09/07/2005 11:00PM

Board closer on new test rules

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California Gov. Arnold Schwarzenegger on Wednesday afternoon signed a bill that will set in motion new regulations allowing the California Horse Racing Board to test for banned alkalizing agents, which are commonly referred to as milkshakes.

The bill, which was supported by the racing industry, changed the state's racing law so that split-sample testing will not be required when testing for total carbon dioxide in blood samples, the only method currently used to detect alkalizing agents. The current law requires that all samples in the state be split, with one held in reserve, as a protection for trainers.

California's racetracks have been conducting tests for alkalizing agents since last year under so-called house rules. Although five trainers have had horses test positive at Thoroughbred tracks in the state, the rules do not include fines or suspensions.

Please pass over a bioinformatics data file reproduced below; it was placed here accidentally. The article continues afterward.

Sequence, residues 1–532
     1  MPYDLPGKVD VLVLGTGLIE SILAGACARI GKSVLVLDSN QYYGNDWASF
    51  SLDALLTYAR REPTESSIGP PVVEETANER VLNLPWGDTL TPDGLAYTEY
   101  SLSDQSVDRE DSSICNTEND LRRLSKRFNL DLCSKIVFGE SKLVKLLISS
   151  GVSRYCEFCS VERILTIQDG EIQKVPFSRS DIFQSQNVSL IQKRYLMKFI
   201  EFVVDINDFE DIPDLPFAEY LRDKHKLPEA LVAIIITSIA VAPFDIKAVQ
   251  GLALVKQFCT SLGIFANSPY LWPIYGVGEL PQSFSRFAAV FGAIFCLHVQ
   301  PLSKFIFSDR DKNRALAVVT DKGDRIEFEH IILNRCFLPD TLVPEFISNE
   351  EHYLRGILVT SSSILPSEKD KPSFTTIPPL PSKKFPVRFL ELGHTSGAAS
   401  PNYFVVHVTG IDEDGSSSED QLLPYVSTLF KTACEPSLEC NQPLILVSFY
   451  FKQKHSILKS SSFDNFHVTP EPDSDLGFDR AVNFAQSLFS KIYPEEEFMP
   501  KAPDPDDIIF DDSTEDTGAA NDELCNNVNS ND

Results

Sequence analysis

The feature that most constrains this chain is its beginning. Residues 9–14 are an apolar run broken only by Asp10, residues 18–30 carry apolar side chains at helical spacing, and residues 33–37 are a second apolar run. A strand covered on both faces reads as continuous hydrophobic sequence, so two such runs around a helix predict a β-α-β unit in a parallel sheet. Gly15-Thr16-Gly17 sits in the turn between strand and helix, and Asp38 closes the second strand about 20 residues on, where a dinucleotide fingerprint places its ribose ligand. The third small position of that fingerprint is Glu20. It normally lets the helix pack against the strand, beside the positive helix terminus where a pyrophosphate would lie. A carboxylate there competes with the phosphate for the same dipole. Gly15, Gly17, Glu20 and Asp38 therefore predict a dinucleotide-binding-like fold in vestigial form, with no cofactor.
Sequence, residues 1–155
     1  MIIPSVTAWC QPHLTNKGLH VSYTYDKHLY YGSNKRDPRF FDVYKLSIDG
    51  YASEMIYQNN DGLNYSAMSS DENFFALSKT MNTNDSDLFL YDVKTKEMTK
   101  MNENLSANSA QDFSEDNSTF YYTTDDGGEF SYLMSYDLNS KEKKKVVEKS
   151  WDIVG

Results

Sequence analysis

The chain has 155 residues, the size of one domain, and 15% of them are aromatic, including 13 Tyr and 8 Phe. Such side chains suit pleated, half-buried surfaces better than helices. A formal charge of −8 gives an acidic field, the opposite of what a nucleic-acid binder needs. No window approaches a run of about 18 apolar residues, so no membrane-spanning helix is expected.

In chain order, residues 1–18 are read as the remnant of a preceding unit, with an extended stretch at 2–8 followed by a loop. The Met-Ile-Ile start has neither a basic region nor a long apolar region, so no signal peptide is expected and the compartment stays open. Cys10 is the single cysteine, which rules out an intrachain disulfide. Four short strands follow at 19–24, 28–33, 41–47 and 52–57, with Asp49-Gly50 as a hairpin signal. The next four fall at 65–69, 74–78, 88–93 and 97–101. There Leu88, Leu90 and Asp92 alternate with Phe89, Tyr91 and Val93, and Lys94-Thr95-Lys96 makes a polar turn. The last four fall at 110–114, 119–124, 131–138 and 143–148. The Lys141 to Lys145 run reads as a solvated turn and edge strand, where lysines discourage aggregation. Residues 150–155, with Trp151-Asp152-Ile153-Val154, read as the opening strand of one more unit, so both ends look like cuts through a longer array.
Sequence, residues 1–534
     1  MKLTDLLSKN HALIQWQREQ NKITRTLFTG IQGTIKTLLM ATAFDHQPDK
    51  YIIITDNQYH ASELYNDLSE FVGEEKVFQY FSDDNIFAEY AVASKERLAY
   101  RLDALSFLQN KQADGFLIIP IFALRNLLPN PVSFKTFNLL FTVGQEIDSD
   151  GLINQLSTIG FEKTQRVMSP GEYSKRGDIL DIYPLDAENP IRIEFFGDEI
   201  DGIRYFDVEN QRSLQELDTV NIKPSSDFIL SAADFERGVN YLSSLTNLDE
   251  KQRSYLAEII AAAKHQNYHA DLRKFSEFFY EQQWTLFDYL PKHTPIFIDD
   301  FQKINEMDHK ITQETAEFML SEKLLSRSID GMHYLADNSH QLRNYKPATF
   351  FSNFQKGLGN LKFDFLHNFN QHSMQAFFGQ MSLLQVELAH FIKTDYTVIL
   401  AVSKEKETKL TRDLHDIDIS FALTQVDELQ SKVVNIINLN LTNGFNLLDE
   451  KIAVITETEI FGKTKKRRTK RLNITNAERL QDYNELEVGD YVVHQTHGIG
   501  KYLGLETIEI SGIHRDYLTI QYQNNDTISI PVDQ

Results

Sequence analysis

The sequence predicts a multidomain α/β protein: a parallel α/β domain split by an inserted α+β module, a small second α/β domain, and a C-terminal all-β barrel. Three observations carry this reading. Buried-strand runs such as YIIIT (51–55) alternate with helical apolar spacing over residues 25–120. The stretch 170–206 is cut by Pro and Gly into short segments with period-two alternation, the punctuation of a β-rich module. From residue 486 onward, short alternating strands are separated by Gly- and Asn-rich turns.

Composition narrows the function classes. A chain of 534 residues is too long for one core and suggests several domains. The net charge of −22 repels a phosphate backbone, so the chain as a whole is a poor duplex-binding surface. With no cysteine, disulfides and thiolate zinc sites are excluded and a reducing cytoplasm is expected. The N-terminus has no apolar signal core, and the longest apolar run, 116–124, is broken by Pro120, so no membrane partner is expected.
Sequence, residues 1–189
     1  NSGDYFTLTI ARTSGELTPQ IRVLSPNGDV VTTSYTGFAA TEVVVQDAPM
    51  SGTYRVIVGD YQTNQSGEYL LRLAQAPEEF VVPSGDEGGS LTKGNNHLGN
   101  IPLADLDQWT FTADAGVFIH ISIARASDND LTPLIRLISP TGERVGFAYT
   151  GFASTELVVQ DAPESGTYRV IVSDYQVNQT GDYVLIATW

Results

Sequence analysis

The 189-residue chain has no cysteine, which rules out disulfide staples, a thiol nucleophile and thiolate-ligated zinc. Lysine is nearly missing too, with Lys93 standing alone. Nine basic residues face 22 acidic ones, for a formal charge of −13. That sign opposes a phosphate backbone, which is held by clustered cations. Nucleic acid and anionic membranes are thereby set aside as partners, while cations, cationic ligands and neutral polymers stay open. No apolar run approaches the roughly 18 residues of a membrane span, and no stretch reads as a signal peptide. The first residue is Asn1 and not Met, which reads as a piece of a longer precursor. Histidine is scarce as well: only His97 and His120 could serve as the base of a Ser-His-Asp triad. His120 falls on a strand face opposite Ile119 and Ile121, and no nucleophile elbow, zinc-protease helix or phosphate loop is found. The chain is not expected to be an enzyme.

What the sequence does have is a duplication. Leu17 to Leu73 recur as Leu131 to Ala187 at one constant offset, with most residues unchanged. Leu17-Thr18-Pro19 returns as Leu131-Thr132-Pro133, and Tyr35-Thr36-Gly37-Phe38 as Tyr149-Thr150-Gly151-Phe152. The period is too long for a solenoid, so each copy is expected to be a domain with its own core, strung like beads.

Alkalizing agents are thought to allow horses to stave off fatigue by delaying the build-up of lactic acid in muscles.

Drug-testing officials contend that split-sample testing is impossible for total carbon dioxide because the carbon dioxide dissolves in the sample within days of collection. Split samples are not typically tested until a positive result has already been determined on the initial sample - a process that can take up to a week - meaning that the split sample would almost always test negative.

In January, the state racing board approved rules dealing with alkalizing agents, but those rules could not be formally adopted until the law regarding split samples was changed.

Mike Marten, a spokesman for the racing board, said that the board will now submit the rules to the Office of Administrative Law, a state government agency that must review and approve any rules before the regulations go into effect. He said it was unclear how long it will take before the racing board takes over the testing from tracks.

"Right now, I can't say one week, two weeks, or three weeks, or anything," Marten said. "The process is not set in stone."